Russell and Duenes

My Sons in Iraq, Skills Trump Passion, and Dallas Willard

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Apparently polling data shows that a majority of Americans are against any ground-based military action in Iraq. Doubtless the reasons for this are varied, but I’ll speak as the father of three sons. If my sons were of age and had served in Iraq in the last 10 years, or worse, if one of them had been killed in the fighting, only to be treated to our current President’s squandering of everything they fought for, along with his utter lack of vision or coherent policy for Iraq and the wider Middle East, then I too would be adamantly opposed to my sons going back there. Why throw their lives away in the service of a Commander-in-Chief who is so obviously out of his depth, and who would rather speak foolish bromides than carry out wise and realistic policies? Without a plan for gaining and holding a true victory over ISIS, any further American lives will be throw away also. I can’t imagine why anyone would want to have their sons put in harm’s way with Barack Obama in charge.

So Good They Can’t Ignore You: Why Skills Trump Passion in the Quest for Work You Love. That’s the title of a book by Cal Newport (see his “Study Hacks” blog here), and all by itself it gets me juiced to do excellent work in my vocation. And it really matters little what vocation it is. Go stock the shelves for Target and become so good at it that the higher-ups can’t ignore you. Load FedEx planes during the graveyard shift so well they can’t overlook you. Plan, scheme, ponder, experiment and work diligently and hard regarding the execution of your job, whether you’re a doctor, plumber, IT engineer, maintenance worker or ditch-digger. I’m a newbie to Cal Newport’s stuff (my wife has read much more of him), but from what I’ve read so far, there’s a lot here. I’ve spent a good portion of my adult life considering my “passions,” and it has really been of limited value. Frankly, if I were young and unemployed, I’d rather spend 40 hours a week working so well at McDonalds that they could not ignore me, rather than spending gobs of time in the quest for “my passion.”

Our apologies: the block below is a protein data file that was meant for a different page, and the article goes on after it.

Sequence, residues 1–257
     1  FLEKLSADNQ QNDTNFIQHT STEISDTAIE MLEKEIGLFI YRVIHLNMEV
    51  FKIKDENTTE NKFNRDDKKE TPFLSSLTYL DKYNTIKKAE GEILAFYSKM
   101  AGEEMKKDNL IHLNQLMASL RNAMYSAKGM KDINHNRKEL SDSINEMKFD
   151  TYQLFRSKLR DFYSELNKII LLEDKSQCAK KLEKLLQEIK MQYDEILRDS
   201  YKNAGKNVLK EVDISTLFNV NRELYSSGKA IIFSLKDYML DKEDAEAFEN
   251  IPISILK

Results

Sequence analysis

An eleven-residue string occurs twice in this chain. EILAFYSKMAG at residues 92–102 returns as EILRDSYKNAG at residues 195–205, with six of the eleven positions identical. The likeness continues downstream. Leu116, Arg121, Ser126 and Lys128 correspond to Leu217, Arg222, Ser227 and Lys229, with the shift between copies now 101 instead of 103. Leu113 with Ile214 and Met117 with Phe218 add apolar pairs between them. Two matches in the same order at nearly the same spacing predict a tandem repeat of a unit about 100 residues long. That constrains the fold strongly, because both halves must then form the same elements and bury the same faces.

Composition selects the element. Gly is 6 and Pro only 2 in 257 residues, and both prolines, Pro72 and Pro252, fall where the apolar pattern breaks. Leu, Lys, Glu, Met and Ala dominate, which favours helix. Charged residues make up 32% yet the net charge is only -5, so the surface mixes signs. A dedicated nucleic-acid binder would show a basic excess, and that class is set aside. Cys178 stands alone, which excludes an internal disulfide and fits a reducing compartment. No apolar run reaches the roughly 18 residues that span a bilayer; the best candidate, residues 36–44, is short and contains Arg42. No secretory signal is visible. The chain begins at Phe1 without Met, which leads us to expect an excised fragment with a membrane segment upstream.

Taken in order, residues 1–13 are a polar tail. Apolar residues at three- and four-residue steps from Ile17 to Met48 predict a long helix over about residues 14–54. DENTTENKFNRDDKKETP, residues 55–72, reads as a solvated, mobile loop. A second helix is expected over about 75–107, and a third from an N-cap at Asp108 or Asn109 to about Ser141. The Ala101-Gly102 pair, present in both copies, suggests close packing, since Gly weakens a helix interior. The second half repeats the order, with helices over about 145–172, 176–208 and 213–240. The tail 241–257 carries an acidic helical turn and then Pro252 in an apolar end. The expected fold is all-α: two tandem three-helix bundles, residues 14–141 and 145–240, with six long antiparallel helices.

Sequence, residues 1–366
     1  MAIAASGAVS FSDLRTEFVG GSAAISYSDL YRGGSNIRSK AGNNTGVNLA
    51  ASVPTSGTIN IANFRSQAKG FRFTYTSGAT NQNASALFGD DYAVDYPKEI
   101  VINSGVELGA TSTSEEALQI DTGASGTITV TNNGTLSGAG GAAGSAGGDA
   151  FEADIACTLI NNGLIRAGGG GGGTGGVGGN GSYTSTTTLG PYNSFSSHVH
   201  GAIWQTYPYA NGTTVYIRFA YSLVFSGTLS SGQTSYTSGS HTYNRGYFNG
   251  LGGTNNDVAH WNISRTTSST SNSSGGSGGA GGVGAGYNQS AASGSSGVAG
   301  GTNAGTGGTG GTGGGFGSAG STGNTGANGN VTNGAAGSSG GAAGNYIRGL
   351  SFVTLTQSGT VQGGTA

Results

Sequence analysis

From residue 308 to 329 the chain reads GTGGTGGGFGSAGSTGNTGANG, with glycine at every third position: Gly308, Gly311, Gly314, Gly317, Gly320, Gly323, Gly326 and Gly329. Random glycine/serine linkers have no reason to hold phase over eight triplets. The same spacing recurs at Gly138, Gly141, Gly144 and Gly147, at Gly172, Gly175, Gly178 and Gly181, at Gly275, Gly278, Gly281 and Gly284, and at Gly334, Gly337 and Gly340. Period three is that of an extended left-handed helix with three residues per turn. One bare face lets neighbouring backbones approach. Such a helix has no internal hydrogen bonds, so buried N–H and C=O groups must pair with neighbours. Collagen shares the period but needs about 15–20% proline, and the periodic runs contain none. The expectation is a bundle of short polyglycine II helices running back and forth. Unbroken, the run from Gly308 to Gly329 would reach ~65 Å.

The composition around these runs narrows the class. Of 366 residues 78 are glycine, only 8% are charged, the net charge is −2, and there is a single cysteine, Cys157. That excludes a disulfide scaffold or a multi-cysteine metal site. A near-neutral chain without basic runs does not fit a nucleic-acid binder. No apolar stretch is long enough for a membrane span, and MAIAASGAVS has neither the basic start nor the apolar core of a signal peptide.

In the first chapter of his book, Spirit of the Disciplines, Dallas Willard says: “The general human failing is to want what is right and important, but at the same time not to commit to the kind of life that will produce the action we know to be right and the condition we want to enjoy. This is the feature of human character that explains why the road to hell is paved with good intentions. We intend what is right, but we avoid the life that would make it reality.” Of course, this does not explain all our failings as human beings. We don’t always want to do what’s right. Indeed, often we are quite set on doing wrong, and then rationalizing it as something “good.” Yet Willard’s sentiment describes my life very well. I seem to want what is right and important when it comes to being a husband and father, and yet so often that actions are not there. I respond with anger, impatience, indifference, sluggishness or distraction. My heart gets fidgety and anxious. I don’t turn to God for wisdom. I am not “producing the action I know to be right and the condition I want to enjoy.” Rather, I somehow want to just magically perform when the time comes. It rarely happens. What’s needed in my case, says Willard, is “to learn from Christ how to live [my] total life, how to invest all [my] time and [my] energies of mind and body as he did. [I] must learn how to follow his preparations, the disciplines for life in God’s rule that enabled him to receive his Father’s constant and effective support while doing his will.”



Written by Michael Duenes

August 23, 2014 at 11:21 am

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